Attorney General Bonta Leads Multistate Coalition in Calling on the Senate to Pass the PRO Act and Stand Up for Working Americans

Tuesday, August 10, 2021
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OAKLAND – California Attorney General Rob Bonta today led a coalition of 17 attorneys general in calling on the U.S. Senate to pass the Protecting the Right to Organize Act of 2021 (PRO Act). The PRO Act strengthens and modernizes the National Labor Relations Act (NLRA), which enshrines the fundamental rights to organize, unionize, and bargain collectively. In the face of globalization, rapid technological change, rising income inequality, race and gender wage gaps, and a pandemic-fueled recession, the PRO Act honors this country’s longstanding commitment to treating workers fairly and respecting the dignity of work. In today’s letter, the multistate coalition highlights the urgent need to pass the PRO Act and respectfully urges the Senate to seize this historic opportunity to improve the lives of America’s working families.

“When we fight for the right to organize, we’re fighting for fair wages, safe working conditions, equitable benefits, and the wellbeing of our people,” said Attorney General Bonta. “As a son of the farmworkers’ movement, I’ve seen firsthand the fruits of the labor of my parents and so many others like them who fought to give working families a chance. It’s because of them that I have the opportunity to serve as California’s Attorney General. That’s the power of unions. It’s not just about ensuring people can get a living wage, it’s about opening doors for our children and breaking the cycle of intergenerational poverty. Respectfully, I urge the Senate to take action now and pass the PRO Act. Strong unions make for a strong America.”

When the NLRA was enacted in 1935, it was broadly intended to promote workers’ rights to unionize and bargain collectively for better wages and working conditions. Progress was never easy. From Black sanitation workers in Memphis to Latina janitors in California and all points in between, organizing has always required real struggle. But the law worked. Between the late 1940s and the 1970s, union membership skyrocketed, and median household income rose in lockstep with increased productivity — both growing over 100%. Yet, in the face of a rapidly changing marketplace, the NLRA’s protections have not been able to withstand the test of time. Today, just 12% of American workers are represented by a union — down from 27% in 1979. This decline in union membership has contributed significantly to a historic rise in income inequality. Despite rising labor productivity, median earnings have barely budged upwards over the past four decades.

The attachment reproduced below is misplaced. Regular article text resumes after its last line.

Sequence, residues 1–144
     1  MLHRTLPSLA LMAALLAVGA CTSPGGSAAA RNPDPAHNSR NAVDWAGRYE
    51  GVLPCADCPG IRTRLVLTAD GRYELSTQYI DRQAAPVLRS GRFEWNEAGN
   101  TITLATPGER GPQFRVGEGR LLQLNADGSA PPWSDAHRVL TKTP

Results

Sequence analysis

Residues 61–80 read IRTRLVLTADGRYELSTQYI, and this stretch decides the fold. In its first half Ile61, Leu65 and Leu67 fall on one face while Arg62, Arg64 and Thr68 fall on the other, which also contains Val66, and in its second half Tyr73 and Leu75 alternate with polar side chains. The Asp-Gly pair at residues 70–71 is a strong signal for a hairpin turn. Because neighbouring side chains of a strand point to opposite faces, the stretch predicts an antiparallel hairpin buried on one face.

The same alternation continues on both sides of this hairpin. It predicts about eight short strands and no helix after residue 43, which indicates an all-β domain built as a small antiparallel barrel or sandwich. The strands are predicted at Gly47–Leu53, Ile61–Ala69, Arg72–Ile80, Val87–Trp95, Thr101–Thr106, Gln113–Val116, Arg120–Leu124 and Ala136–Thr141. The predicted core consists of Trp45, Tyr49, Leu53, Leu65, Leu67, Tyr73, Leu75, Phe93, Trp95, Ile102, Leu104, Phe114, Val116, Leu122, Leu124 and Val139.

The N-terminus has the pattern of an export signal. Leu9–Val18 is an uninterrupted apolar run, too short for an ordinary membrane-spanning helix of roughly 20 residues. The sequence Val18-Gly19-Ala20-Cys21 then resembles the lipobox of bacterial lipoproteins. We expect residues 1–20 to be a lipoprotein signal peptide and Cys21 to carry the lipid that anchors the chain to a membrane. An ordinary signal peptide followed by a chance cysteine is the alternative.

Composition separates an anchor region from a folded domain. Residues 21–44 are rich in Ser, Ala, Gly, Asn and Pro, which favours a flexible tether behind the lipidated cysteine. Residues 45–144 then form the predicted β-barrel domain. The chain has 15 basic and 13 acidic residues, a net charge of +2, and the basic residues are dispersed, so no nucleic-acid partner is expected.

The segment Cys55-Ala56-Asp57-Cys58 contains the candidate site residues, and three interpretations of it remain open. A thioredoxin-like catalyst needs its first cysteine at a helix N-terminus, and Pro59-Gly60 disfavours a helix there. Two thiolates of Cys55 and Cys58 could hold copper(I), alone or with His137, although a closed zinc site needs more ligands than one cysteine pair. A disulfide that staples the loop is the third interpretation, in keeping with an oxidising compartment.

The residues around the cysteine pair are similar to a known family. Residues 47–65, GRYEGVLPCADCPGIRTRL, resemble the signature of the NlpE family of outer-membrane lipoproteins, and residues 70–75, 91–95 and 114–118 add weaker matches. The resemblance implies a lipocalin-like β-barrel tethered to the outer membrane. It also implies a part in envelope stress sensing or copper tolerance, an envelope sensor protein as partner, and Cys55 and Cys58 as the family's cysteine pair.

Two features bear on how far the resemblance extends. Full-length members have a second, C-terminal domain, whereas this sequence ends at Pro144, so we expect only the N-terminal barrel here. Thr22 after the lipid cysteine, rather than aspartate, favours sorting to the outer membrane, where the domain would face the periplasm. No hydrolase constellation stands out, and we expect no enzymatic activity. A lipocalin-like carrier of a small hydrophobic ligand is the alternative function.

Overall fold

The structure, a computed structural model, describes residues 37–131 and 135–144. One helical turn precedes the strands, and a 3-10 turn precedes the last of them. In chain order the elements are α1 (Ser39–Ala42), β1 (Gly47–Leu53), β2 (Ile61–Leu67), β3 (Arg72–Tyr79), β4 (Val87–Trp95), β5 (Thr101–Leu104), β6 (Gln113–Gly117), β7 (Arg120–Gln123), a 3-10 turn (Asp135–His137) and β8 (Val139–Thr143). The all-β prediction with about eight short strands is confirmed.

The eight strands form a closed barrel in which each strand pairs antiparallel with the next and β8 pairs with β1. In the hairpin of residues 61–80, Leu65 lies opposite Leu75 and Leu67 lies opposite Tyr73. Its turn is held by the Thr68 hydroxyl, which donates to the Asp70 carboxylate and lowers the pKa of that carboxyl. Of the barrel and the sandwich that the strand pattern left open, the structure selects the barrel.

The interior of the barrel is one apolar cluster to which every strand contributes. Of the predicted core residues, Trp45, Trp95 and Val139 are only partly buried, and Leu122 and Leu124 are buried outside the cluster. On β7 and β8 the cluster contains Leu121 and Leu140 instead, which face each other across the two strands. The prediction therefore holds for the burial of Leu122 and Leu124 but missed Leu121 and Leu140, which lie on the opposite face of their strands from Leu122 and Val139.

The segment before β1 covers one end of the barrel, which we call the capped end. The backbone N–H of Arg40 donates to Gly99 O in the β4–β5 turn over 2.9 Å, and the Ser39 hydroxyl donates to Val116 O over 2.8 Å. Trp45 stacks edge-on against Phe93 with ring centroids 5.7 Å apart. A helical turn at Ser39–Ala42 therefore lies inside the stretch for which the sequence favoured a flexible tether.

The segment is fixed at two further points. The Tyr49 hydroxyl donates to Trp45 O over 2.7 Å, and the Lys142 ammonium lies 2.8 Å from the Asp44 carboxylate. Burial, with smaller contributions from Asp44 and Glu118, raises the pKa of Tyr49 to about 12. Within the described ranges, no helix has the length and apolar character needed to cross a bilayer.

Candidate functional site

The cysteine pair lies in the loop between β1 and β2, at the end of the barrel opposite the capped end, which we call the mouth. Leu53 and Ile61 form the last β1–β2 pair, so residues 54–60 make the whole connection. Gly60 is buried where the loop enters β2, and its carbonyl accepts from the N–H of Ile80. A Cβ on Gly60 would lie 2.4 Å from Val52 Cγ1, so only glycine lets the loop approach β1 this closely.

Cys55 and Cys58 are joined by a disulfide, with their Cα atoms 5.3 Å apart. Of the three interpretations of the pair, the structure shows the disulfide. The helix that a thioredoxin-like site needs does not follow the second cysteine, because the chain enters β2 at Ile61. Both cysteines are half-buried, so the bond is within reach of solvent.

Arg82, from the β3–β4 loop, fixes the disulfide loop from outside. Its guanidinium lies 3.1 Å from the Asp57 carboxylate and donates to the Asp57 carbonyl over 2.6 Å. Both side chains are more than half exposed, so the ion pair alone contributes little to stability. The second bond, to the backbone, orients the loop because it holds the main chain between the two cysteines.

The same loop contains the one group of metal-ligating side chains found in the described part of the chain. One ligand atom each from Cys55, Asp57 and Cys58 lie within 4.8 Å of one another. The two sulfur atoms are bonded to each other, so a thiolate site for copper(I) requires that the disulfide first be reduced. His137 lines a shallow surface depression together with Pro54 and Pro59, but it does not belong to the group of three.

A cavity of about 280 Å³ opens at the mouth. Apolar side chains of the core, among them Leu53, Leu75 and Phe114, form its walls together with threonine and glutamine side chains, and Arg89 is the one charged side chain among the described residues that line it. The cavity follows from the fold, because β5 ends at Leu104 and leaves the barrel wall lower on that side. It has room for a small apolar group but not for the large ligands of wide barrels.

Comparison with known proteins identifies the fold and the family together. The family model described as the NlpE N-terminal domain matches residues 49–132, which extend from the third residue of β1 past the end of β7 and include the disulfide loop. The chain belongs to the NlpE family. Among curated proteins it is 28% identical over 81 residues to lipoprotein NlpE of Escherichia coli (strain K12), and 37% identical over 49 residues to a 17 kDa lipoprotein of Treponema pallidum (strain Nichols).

However, this dramatic decline in union membership is no accident. It tracks the rise in corporate opposition to organizing and aggressive anti-union campaigns. Indeed, these campaigns, which often spare no cost, seek to intimidate workers and often falsely imply that unionization will lead to mass layoffs or the closure of the workplace. And they employ a wide range of other pernicious tactics. To combat union drives, employers routinely enforce disciplinary rules with more frequency against pro-union workers, engage in pretextual retaliatory firings, interfere with union elections, hire union-busters, employ delay tactics, and impart misleading information via mandatory captive-audience meetings. 

The PRO Act is comprised of commonsense reforms to the NLRA designed to curb these abusive practices and, more generally, restore the law’s original purpose of encouraging unionization. Restoring that purpose benefits all workers. Compared to their non-union counterparts, union members earn 10 to 15% higher wages, are more likely to have employer-sponsored benefits, like health insurance, paid sick days, and pensions, experience less wage theft, and are less reliant on public benefits. Importantly, in the midst of our national conversation about racial inequality in all its forms, we must not shy away from hard truths. Workers of color have suffered the worst effects of rising income inequality in recent decades and they have suffered a disproportionate burden from the pandemic-driven recession. For example, Black and Latina women have lost jobs at a rate three times higher than that of white men during the pandemic. Unions are a critical antidote to these disparate outcomes; the benefits of the PRO Act will be magnified for workers of color. Passing the PRO Act will help restore the ability of our nation’s workers to organize and bargain collectively for better pay and improved working conditions.

In sending the letter, Attorney General Bonta is joined by the attorneys general of Colorado, Connecticut, Delaware, Illinois, Maryland, Massachusetts, Michigan, Minnesota, New York, Oregon, Pennsylvania, Rhode Island, Vermont, Virginia, Washington, and the District of Columbia.

A copy of the letter is available here.

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